The best part about National Aboriginal Day in the past was that it was fishing day. Since it was also the longest day of the year, naturally, it was the longest day of the year to go fishing.
One year, we combined fishing with some twilight duck hunting and, on day two of our excursion out on James Bay, seal hunting. The light reflecting from the many ice floes that nudged against our freight canoe combined with sub tropical heat turned my hunting mode into power snooze mode. The resulting reverberation from my snorting and snoring scared the lucky seal away. I, meanwhile, slept sitting up in the canoe and numbly conversing with whoever else was in the canoe, and can vaguely remember shooting my gun at some ripple in the calm water.
Later, we met up with land and slept all afternoon in the tall grass, oblivious to the nosey mice that scampered around, checking out the snoring giants in some weird Lilliputian manner. Back on the canoe and back to the stream we fished the day before to continue our quest for protein. After catching a few hundred trout, we checked the nets and pulled in more bounty from the sea. A ton of caviar and fish guts were processed, the packaging of our catch into the packed sweet grass that lined the shore finished off another 20-hour sun fest.
We readied for bed as a storm brewed and mosquitoes, repelled by a combination of sun toughened skin and DDT, buzzed angrily and incessantly, occasionally inhaled by a deep snoring human. The cacophony of slumbers competed with the thunderclaps and constant rain and flapping canvas to made it easy to sleep, except for one particular snorer whose emanations ignited such violence that it seemed to shake the very ground we slept on.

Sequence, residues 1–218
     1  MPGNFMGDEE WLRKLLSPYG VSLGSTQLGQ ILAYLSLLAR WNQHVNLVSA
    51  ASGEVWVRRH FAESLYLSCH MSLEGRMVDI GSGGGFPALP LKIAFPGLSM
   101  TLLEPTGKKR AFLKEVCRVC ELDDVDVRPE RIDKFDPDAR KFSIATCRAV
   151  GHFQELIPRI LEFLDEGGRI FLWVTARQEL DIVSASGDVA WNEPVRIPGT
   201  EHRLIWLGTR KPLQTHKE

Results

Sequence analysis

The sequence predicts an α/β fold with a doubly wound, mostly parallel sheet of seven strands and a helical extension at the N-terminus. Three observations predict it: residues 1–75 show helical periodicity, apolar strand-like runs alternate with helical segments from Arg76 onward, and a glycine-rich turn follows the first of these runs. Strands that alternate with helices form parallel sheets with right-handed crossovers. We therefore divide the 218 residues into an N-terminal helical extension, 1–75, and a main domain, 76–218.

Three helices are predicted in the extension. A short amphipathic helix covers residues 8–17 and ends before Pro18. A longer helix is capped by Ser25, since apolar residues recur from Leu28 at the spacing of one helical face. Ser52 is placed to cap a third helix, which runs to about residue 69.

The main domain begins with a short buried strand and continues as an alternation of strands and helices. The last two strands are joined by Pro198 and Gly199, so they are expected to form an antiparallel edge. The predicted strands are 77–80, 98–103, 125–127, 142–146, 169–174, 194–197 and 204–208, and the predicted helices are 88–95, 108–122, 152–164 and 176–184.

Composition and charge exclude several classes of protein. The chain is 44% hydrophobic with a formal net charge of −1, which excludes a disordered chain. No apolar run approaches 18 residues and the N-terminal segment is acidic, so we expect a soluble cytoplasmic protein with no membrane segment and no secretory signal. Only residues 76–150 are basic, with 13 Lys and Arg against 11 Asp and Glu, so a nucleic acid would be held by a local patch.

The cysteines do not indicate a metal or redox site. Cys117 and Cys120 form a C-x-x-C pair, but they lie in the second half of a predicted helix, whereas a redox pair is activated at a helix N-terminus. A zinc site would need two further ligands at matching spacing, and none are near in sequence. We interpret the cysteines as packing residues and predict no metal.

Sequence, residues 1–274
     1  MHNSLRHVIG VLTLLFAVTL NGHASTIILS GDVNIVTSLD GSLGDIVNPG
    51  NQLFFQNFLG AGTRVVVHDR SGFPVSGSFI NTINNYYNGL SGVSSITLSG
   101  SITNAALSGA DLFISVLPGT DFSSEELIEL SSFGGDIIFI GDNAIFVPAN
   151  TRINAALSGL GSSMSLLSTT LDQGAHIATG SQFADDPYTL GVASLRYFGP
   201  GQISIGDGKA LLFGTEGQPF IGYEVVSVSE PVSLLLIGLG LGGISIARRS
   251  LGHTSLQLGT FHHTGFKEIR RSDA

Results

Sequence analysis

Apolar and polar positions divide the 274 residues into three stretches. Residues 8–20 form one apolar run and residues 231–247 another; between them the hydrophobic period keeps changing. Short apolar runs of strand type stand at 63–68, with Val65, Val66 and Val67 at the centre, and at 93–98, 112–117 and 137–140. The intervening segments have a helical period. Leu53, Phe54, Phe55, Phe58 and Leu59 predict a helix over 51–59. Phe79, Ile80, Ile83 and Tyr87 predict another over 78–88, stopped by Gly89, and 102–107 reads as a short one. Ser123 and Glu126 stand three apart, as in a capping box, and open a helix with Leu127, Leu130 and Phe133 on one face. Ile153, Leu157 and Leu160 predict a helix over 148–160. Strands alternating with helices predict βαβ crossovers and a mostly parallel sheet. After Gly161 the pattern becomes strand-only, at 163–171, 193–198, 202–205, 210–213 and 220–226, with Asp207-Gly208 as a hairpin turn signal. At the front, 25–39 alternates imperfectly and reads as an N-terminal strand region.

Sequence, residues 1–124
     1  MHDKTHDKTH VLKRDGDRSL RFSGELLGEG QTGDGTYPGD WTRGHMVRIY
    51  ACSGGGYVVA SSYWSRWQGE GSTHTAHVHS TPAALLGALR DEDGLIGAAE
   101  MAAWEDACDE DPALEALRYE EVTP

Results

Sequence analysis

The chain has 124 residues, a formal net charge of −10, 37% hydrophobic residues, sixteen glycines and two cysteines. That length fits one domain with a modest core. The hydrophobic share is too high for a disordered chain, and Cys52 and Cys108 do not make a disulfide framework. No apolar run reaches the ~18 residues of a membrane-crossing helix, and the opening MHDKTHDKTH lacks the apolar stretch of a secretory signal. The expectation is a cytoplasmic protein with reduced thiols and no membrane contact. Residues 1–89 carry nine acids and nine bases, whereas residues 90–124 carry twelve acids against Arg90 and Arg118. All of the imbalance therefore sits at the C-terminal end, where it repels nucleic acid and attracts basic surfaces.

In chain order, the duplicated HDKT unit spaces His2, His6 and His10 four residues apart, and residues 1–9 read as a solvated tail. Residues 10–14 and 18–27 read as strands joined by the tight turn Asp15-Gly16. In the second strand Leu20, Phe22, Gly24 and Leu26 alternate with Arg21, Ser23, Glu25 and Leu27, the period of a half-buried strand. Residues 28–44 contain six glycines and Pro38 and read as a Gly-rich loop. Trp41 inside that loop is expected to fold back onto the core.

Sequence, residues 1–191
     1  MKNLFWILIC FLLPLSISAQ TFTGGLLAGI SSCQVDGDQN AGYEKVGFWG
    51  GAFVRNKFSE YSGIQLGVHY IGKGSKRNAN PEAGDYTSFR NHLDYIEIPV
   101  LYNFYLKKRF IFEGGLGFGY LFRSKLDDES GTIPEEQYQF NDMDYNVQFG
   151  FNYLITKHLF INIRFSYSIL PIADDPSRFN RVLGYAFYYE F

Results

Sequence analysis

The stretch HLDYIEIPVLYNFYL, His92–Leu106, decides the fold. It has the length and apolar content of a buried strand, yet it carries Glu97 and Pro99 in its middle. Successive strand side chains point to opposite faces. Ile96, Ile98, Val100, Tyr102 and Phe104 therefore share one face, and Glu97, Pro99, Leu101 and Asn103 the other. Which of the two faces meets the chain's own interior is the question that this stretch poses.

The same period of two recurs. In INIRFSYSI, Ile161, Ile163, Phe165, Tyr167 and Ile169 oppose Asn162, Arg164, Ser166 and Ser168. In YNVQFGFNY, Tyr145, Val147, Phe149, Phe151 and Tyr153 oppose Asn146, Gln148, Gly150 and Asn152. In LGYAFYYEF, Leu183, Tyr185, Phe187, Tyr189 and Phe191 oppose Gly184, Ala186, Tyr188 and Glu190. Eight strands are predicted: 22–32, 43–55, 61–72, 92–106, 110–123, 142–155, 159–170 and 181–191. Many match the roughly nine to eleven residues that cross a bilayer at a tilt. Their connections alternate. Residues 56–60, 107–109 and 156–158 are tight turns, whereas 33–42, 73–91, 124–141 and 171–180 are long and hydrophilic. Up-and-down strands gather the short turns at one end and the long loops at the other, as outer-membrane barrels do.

Birds twittered and sunlight resumed with the rains early in the morning and a shotgun blast just feet away from our sleeping heads jarred us into combat mode. The tent flap aside, we see Buddy coolly inspecting the small bear lying lifeless on the wet ground. The carnivore ursus had eaten hundreds of fish all night long and could not move, its belly bloated with our processed fish.
Buddy indicated that he deserved to be shot and eaten. Later that day, black bear meat was cooking in every way possible. Minding that no flesh go bad on such hot and sweltering weather, all meat became fodder for our stomachs. Wiping the greasy remains off our faces, we headed back to the stream to lure more trout into our waiting barbs and line.
Today, National Aboriginal Day remains one of the most productive days for wildlife harvesting. With this in mind, I think that the day should be a time to not just reflect upon our culture and traditions, but a day to practice them, a day to harvest and feast on the spring catch. One day I’ll go back to that stream and fish for trout and hunt for ducks and seals, but this time around, I’ll carry plenty of strong coffee.